As quarantines and lockdowns are starting to slowly end around the world, people are returning to theaters to experience films the way they were meant to be – with gigantic screens, surround sound, expensive refreshments, and appropriate seating to keep others separated. Just in case. For cinephiles and casual movie goers alike, we’re finally able to get back into our passions, immersing ourselves in the highs and lows of cinema once again. Together.
For this humble schmoe, my first foray back to the multiplex resulted in taking a long-awaited gander at A Quiet Place Part II (2020); the delayed, highly anticipated, lean and mean sequel to the major sleeper hit of 2018. Once again, silence is survival and an exceptional premise brought to its proverbial limit and beyond by The Office alum John Krasinski, as he directs, writes, and acts in a terrifying and intense continuation with thrills, chills, and even a bit of heart.
Starting where the first film left off, after discovering a weakness of the blind alien creatures that mercilessly wiped out a majority of the population, the remaining members of the Abbott family; Evelyn, Regan, and Marcus (Emily Blint, Millicent Simmonds, and Noah Jupe) take their newborn baby and leave their destroyed, isolated home, venturing out beyond their marked borders. As the clan travels into the vast unknown of the decimated county, they soon discover that the menacing creatures aren’t the only deadly threats to their dwindling chances of survival.
First off, let’s talk about the “quiet” element of the film. Krasinski utilizes this aspect to a masterful degree, focusing on every sound from nearly every person, object, and thing, raising our awareness on what causes too much noise from basically everything under the sun. With this execution, we as an audience become as watchful, weary, and anxious over what could draw the vicious creatures out of hiding as much as the characters. Plus this completely amplifies the tone, scares, and tension to an insane, nerve shattering level. I swear if the Oscars recognized horror films more often, this would’ve been a shoe-in for best sound mixing and editing. And if that wasn’t great enough, along with the aforementioned sound, there’s also the looming and sensational score by Marco Beltrami that acts as a surprising and connected companion piece to the film, coming in and out with stellar and emotional precision. Phenomenal work.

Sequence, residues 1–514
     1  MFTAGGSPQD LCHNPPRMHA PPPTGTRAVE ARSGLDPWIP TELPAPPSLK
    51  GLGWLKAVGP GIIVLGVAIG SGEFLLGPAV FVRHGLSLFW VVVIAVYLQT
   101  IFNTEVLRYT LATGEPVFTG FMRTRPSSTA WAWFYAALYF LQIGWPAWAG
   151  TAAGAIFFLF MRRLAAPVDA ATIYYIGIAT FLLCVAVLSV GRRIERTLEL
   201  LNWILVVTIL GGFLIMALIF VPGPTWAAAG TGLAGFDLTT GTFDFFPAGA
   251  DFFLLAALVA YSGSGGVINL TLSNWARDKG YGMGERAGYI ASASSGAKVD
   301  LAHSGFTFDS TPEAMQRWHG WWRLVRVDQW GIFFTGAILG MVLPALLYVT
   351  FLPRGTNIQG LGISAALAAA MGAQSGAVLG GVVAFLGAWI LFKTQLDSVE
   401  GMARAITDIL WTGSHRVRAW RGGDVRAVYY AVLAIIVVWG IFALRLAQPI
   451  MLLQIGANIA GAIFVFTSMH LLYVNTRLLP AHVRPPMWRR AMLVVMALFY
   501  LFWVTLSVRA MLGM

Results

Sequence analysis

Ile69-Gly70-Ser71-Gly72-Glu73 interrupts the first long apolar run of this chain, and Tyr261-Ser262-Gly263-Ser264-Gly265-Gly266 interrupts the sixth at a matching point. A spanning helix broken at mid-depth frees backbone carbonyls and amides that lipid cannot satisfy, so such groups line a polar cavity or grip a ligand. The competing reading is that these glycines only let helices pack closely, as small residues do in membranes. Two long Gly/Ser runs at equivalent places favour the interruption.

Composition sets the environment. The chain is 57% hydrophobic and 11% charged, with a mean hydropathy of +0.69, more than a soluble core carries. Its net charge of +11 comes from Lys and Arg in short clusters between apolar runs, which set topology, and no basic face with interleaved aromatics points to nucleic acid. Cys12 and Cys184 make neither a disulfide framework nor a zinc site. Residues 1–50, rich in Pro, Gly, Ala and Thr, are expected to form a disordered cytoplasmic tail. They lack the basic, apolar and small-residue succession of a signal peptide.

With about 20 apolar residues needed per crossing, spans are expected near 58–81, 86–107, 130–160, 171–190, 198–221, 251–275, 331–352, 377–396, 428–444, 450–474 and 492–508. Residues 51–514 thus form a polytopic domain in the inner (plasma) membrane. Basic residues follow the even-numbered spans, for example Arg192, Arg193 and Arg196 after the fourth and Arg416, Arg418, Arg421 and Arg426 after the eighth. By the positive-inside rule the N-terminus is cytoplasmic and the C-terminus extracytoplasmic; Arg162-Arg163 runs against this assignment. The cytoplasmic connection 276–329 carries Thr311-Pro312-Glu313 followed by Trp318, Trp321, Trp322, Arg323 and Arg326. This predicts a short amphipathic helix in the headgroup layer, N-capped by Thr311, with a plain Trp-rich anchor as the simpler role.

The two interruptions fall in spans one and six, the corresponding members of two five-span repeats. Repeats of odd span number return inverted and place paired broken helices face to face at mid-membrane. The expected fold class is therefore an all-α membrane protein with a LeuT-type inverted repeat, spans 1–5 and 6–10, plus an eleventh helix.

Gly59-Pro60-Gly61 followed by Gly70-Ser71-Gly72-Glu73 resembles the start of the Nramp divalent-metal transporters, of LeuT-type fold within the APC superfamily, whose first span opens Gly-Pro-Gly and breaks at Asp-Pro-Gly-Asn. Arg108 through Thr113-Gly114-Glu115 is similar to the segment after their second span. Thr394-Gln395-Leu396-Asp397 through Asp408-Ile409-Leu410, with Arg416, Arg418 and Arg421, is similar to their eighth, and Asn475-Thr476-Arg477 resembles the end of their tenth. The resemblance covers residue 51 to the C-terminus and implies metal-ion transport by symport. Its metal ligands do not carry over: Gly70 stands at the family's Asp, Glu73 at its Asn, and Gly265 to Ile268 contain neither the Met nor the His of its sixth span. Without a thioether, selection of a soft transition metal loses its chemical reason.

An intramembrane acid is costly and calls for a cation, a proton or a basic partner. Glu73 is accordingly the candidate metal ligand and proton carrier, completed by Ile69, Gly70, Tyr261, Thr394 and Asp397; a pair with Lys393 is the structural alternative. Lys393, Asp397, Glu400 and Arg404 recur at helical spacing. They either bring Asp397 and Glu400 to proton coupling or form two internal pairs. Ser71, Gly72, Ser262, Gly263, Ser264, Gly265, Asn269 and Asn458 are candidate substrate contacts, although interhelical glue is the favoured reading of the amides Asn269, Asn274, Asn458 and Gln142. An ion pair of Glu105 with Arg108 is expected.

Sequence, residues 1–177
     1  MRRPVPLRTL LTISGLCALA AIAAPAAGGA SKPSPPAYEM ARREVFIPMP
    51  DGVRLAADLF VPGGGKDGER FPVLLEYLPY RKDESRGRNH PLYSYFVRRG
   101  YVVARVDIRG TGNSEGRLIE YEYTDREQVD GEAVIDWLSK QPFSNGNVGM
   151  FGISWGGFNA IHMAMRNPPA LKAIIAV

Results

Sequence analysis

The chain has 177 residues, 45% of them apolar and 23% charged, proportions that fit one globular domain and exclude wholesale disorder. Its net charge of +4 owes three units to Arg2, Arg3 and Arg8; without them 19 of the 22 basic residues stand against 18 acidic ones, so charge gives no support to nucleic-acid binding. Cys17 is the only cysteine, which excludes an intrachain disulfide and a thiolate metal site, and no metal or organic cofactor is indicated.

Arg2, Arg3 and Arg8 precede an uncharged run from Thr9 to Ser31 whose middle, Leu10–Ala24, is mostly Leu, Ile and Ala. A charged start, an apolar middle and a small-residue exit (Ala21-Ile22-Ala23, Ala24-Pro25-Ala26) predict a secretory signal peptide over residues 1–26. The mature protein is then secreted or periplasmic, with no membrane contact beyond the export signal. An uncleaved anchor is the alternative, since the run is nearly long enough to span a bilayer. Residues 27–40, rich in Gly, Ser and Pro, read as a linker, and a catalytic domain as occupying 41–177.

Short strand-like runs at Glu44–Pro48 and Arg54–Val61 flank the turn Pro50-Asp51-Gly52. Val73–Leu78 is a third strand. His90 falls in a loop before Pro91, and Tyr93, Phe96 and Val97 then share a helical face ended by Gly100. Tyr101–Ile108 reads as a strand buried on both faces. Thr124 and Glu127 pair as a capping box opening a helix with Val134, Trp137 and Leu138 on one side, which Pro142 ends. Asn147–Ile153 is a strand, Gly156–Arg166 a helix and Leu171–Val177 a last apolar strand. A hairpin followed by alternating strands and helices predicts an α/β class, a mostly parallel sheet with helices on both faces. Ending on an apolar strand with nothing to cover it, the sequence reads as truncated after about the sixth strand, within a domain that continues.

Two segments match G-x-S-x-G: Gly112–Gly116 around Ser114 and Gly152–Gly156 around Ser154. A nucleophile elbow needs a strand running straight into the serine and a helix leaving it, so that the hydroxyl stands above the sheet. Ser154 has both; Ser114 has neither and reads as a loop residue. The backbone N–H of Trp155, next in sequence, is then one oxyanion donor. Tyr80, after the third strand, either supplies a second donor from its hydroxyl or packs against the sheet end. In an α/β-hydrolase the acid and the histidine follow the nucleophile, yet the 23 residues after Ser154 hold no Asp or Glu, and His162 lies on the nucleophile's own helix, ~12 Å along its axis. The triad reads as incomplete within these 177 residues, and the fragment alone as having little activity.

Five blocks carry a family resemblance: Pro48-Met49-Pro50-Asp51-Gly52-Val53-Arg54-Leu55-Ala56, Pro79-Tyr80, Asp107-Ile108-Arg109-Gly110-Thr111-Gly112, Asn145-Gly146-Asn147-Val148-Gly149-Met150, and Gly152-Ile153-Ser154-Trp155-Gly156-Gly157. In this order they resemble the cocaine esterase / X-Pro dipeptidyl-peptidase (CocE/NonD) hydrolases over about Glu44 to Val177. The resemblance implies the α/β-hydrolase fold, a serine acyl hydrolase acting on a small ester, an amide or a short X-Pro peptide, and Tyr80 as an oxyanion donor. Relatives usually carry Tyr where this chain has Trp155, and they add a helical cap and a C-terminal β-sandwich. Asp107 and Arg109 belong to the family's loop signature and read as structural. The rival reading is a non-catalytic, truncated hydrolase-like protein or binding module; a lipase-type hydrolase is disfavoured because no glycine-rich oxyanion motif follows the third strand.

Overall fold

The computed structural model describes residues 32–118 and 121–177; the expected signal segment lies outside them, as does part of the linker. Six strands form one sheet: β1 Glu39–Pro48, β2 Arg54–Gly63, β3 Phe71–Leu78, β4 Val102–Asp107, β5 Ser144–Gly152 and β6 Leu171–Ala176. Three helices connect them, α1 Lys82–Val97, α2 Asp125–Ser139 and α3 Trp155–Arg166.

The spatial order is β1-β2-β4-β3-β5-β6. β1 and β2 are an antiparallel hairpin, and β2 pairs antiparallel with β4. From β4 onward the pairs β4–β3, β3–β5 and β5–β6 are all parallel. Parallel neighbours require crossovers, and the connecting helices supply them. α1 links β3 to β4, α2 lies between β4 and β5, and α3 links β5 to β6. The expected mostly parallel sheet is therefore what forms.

Secondly, It’s also worth mentioning that Krasinski expertly pushes the boundaries of the PG-13 rating, servicing up some truly messed up moments that rivals quite a few rated R horror films that have more leeway with violence and gore. Here, less may be shown, but what’s onscreen is wildly kinetic and supremely nasty. There’s always been a lively debate in the horror community where horrorhounds degrade and marginalize PG-13 films, stating that they can’t compete with rated R fares because of their set rules with blood. Let this be another example on why that’s not the case, as this film proves that a lower rating doesn’t necessarily mean lesser impact or quality in scary movies when done the right way.
Also, Krasinski joins other actors-turned-directors such as Denzel Washington, Ben Affleck, Regina King, and even Dave Franco in graciously understanding the notion of focusing on his actor’s portrayals. Plenty of shots and scenes were primarily aimed on the players, and JK trusts them to do their jobs well. While this sequel is hugely expansive in scope, it never sacrifices that personal intimacy established by its predecessor. If anything, it greatly enhances it. This, of course, leads to the performances, which this baby doesn’t skimp on with strong showings all around from Blunt, Simmonds, and Jupe. The top-notch casting of chameleon Cilian Murphy as tortured, dutiful Emmett was also an inspired choice as well. Plus the indomitable Djimon Hansuou shows up in a smaller but significant role which is always a treat to witness. Both of these actors are at home in humanistic or apocalyptic stories so they fit this like a glove.
However, the leader of the pack goes to the young Millicent Simmonds as Regan Abbott. Her role was expanded this time around, with Krasinski shooting a few moments from her deaf perspective. Since the actress is deaf in real life, this added another layer to the fear and terror of those scenes, and showcased the struggles and bravery Regan possessed, which Simmonds brought to the forefront in a big way. She effectively developed her character and represented the deaf community all in one fail swoop. Hopefully we’ll see more from this kid in the future because she definitely has the chops, and held her own next to these seasoned actors.
As with the first film, my only miniscule negative was just wanting a bit more from the story. Hopefully down the line another sequel will undoubtedly remedy this because there’s definitely more to tell here. And I don’t believe I’m alone in wanting to return to a quiet place either. As it stands, this silenced tale of dystopian escapism is exactly what the doctor ordered. Especially with the return to the cineplex after so very very long. If anything, the big screen presentation as well as Krasinski’s style of directing emphatically brought up the spectacle and chills of this sequel in an insurmountable way.
While it may take some mulling over to determine if this is on par or surpasses the original, there’s no denying that Krasinski is proving very quickly to be a talented writer/director who knows how to tell a compelling and suspenseful story, filled with jolts, scares, hope, and humanity, even in the worst of circumstances. I can’t wait to see what he comes up with next in this series. Unlike most, I’m sure it won’t go out with a bang, but with a brilliant hush. Pun intended.
Review written by Marcus Wilturner